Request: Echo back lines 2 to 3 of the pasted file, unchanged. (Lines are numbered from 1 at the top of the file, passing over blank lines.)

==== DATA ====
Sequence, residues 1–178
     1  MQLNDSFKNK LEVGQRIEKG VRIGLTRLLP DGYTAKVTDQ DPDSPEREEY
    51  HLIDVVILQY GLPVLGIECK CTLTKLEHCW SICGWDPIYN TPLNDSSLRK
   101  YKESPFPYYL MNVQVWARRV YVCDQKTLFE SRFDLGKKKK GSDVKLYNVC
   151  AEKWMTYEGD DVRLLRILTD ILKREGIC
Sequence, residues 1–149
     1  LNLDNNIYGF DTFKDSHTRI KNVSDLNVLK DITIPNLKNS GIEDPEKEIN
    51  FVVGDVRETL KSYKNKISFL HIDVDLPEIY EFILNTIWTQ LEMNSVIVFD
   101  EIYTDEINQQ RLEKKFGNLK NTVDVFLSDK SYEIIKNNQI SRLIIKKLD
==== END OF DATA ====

     1  MQLNDSFKNK LEVGQRIEKG VRIGLTRLLP DGYTAKVTDQ DPDSPEREEY
    51  HLIDVVILQY GLPVLGIECK CTLTKLEHCW SICGWDPIYN TPLNDSSLRK